Almost one quarter of daily cases and ICU admissions fully vaccinated – HSE


Around a quarter of Covid-19 daily case numbers and intensive care admissions are in fully vaccinated people, according to the HSE.

A briefing on Thursday heard around 20-23 per cent of ICU admissions, and between 20-25 per cent of daily case figures, are among those who are fully vaccinated.

Of total hospital admissions, 45 per cent are fully vaccinated, while 52 per cent are among people who are not fully vaccinated.

Hospitalisations among the double-jabbed are “overwhelmingly” in people with underlying conditions, the briefing heard.


HSE chief executive Paul Reid said: “The vaccination status in ICU, 62 per cent of ICU cases currently in hospital aren’t vaccinated at all.

“They haven’t had any vaccination, which is very high proportion of the population who have not been vaccinated.

“15 per cent are partially vaccinated, the remaining 20-23 per cent are fully vaccinated.”

He added: “If you are vaccinated, you have significantly higher levels of protection from being hospitalised or entering ICU.

“The highest percentage of Covid patients in ICU are unvaccinated.”

Prof Martin Cormican, the HSE’s national lead for healthcare associated infection, said the figures were a reminder that the virus can be more severe for some.

He urged people to remain cautious, saying lifted restrictions “are not targets”.

He said: “Overwhelmingly, the people who are in hospital fully vaccinated are people with underlying conditions.

We’re not all going to tolerate this virus equally well, even after we’re vaccinated.

“I suppose that goes back to that point that we’re making, even after you’ve got your seatbelt on, you need to drive at the speed that’s right for you.

“We’re not all going to tolerate this virus equally well, even after we’re vaccinated.

“I think it’s a really important message, it’s great that people have some freedom in their lives again, and they’re able to do things. But the restrictions are speed limits, they are not targets.”

“We would really encourage people to drive the speed that’s appropriate for them, I suppose, as a key message” he added.

While the Covid-19 vaccine does not prevent infection with the disease, it significantly reduces the risk of serious illness and mortality.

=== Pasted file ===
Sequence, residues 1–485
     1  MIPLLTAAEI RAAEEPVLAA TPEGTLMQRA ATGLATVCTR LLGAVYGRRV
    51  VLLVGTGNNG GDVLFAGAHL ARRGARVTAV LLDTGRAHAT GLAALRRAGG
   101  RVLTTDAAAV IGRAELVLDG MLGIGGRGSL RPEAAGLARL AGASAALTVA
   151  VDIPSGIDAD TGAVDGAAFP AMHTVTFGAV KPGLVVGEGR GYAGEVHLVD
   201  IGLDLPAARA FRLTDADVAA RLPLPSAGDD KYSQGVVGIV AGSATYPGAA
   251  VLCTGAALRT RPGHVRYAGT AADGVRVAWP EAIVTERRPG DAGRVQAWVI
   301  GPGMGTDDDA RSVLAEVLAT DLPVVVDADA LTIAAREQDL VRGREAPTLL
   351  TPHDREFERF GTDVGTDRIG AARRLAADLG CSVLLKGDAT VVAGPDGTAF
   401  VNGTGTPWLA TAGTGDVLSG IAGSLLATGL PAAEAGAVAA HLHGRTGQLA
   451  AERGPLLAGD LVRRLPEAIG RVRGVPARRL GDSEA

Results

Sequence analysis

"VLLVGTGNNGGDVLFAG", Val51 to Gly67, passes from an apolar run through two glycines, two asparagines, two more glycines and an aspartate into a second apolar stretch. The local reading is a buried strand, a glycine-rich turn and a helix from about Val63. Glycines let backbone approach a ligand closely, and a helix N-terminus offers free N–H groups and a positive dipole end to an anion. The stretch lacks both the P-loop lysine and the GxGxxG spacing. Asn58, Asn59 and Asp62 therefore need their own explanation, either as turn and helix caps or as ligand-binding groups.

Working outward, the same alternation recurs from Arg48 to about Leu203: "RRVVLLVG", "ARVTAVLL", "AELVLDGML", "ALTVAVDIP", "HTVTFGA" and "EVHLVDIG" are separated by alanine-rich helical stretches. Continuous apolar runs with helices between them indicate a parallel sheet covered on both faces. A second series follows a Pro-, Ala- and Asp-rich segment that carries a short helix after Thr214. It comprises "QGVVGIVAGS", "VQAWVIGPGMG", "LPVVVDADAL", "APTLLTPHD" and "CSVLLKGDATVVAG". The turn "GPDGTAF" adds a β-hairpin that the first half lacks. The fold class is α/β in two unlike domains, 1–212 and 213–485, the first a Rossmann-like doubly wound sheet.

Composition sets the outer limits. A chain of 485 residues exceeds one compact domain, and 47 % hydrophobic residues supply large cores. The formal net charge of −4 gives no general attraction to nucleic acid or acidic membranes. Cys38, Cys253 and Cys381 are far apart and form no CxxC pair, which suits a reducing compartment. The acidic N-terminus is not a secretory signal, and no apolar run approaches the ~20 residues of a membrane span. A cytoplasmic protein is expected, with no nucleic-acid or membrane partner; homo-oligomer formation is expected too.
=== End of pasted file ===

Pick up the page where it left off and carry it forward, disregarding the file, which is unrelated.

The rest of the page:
Hospital admissions are continuing to increase, with 244 inpatients in hospital on Thursday with Covid-19, up 20 per cent on the same day last week.

The numbers in ICU have increased by around 50 per cent, now standing at 53 compared to 36 last week.

“We want to ensure of the next few weeks that people do still show huge caution, because we are seeing high levels of transmission, high levels of positivity and significant elements of the population still not fully protected” Mr Reid said.

To date, 90 per cent of the adult population have received their first vaccine dose while 84 per cent are fully vaccinated.

In the 12-age group, for whom vaccinations began last week, 124,000 have either registered for a vaccination or received one through their GP or pharmacy, while almost 72,000 have received a jab.

In total, 6.5 million vaccines have been administered in Ireland.

New figures from the Health Protection Surveillance Centre, published on Thursday, show that between 8th-14th of August, twelve Covid-19 outbreaks in nursing homes were recorded – with 121 cases confirmed in total.

In the same time period, there were five outbreaks in acute hospitals and six in residential institutions.

One of those outbreaks was in a direct provision centre.

The figures also show that three outbreaks occurred in the meat and poultry processing sector – in total, 29 outbreaks were linked to workplaces between August 8th-14th.

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